I wanted to see what the Sony a7R shutter slap looked like with a longer lens, and what happened when the camera is in portrait orientation. I chose the Zeiss 100mm f/2 Makro Planar ZF and fitted it to the camera with the Novoflex Nikon-lens-to-E-mount adapter. I attached the Novoflex rotating tripod collar to the adapter, so I could make images in both landscape and portrait orientations. I put the camera on an Arca-Swiss Monoball head and the head on Gitzo GT3541XLS legs, with the first set extended all the way and the next one half way. This is a different arrangement than I used for the earlier ISO 12233 shutter slap pictures. I couldn’t use that setup because the Novoflex rotating tripod collar is incompatible with the RRS quick-release clamp that I am using on the Arca-Swiss C1 cube; when the clamp is closed the foot can still slide back and forth. Not having the Cube made it a lot harder to square up the target in the frame, and I was working fast to get it done before I lost the light, so the alignment is not as good as in the previous ISO 12233 tests. Using a step-up ring, I mounted a 77mm Heliopan variable neutral density filter to the lens.
I taped the target up in a location lit by direct sunlight. With the ISO set to 100, the aperture to f/5.6, and the ND filter to minimum absorption, the shutter speed was 1/500.
Here’s the way the camera saw the scene:
I made a series of exposures at 1/3 stop shutter speed increments all the way to ¼ second, using the ND filter to reduce the light, and letting the camera’s aperture exposure mode pick the shutter speed with the exposure compensation that I’d dialed in to get the target properly exposed. Then I rotated the camera 90 degrees in the Novoflex collar refocused, and made another series from 1/500 to ¼ second.
I brought all the raw files into Lightroom, set the white balance to Daylight, and exported each series as layers to Photoshop. I labeled the layers with the shutter speed so I wouldn’t get confused, cropped to the target, and zoomed in.
Here’s what I found, with all the tight crops re’d up 3x using nearest neighbor before JPEG compression.
At 1/500 with the camera in landscape orientation, the threshold resolution for vertical lines was about 900 lines/target height. Since the target height is about 500 pixels, this is OK performance. The threshold of resolution for horizontal lines was just a hair worse:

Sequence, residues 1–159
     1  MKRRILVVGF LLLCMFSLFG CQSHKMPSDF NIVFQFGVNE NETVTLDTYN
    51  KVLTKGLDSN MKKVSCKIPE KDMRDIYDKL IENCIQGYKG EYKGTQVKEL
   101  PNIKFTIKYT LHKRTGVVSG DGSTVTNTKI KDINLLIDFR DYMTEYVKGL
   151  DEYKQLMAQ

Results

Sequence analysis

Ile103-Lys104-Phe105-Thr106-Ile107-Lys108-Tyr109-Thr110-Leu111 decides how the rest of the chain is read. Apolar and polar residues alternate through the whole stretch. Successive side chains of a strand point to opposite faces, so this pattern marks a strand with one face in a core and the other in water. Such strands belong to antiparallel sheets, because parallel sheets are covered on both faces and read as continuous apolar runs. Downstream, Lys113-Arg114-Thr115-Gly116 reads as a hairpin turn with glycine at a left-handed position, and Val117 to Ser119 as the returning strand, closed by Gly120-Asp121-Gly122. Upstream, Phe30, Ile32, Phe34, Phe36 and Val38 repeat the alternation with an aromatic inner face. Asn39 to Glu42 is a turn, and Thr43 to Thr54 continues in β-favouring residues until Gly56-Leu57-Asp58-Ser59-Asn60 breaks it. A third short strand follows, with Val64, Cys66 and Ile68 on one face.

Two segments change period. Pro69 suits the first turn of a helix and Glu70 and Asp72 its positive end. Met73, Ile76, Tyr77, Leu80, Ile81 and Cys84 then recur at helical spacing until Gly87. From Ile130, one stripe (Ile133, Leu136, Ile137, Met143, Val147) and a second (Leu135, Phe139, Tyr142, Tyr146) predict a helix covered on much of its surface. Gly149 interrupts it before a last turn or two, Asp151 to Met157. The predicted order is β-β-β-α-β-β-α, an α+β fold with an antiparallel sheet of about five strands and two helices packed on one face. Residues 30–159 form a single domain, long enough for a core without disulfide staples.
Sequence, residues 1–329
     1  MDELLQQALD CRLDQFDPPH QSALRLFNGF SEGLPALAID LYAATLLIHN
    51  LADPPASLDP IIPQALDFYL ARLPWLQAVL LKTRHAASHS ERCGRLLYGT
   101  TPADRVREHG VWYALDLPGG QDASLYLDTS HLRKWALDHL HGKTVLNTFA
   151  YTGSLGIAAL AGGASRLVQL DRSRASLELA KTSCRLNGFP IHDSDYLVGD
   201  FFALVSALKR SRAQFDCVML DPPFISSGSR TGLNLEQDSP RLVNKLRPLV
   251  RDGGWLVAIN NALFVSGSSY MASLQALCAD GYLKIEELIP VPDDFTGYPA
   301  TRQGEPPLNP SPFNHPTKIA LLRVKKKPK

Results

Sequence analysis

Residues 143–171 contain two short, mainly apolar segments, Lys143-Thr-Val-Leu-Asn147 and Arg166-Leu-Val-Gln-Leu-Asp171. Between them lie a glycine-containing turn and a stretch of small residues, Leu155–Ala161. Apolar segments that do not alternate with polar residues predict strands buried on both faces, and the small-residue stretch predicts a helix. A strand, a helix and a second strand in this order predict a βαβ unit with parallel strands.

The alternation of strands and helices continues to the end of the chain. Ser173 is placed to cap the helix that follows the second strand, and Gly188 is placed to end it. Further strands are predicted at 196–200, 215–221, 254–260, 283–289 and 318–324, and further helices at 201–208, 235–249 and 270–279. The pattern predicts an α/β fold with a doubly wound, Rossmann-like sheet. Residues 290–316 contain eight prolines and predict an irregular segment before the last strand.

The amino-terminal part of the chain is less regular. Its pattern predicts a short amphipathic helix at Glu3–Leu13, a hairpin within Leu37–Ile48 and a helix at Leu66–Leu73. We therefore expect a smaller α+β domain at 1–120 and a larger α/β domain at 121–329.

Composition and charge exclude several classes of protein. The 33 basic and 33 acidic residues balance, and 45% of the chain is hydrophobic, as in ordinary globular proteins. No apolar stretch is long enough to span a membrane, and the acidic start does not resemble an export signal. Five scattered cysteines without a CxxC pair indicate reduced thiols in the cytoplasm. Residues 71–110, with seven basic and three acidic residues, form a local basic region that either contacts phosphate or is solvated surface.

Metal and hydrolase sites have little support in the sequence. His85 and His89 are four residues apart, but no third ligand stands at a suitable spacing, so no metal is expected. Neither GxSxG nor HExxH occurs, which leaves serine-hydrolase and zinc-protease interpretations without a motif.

At 1/500 with the camera in portrait orientation, both axes were just slightly sharper than with landscape orientation. This is probably due to slightly different focusing:
The worst landscape performance was obtained at 1/100 second. The threshold resolution for horizontal lines was about 750 lines/target height, and 650 for vertical lines. This indicates that, even though the shutter was moving up and down, the sensor moved more from side to side:
The worst portrait performance was obtained at 1/80 second. The threshold of resolution for horizontal lines was about 500 lines/target height, and 375 for vertical lines. The alignment of the shutter movement with the more compliant direction of the tripod/head produced the expected poorer performance on the vertical lines. What’s surprising is the poorer sharpness on horizontal lines. Apparently, the tripod/head have vibration modes that can turn horizontal vibration into vertical shaking – and vice versa – quite efficiently:
As the shutter speed decreases from 1/100 with the camera in landscape orientation, we see steady improvement in sharpness. At ¼ second, the resolution for vertical lines actually exceeds that at 1/500 second. The resolution of horizontal lines is somewhat worse:
With the camera oriented in portrait mode, at ¼ second. Vertical lines are resolved somewhat worse than at 1/500 second, and horizontal lines at bit better.
At the worst shutter speeds, we are now seeing camera movement well in excess of 1 pixel, both horizontally and vertically. That means we should be able to see something with the oscilloscope trace photography. I’m going to take another look. When I did my earlier testing, I wasn’t looking for vibration of the high frequencies that we’re apparently seeing here.
As before, if anyone wants to see the Photoshop stacks with all the exposures, please contact me.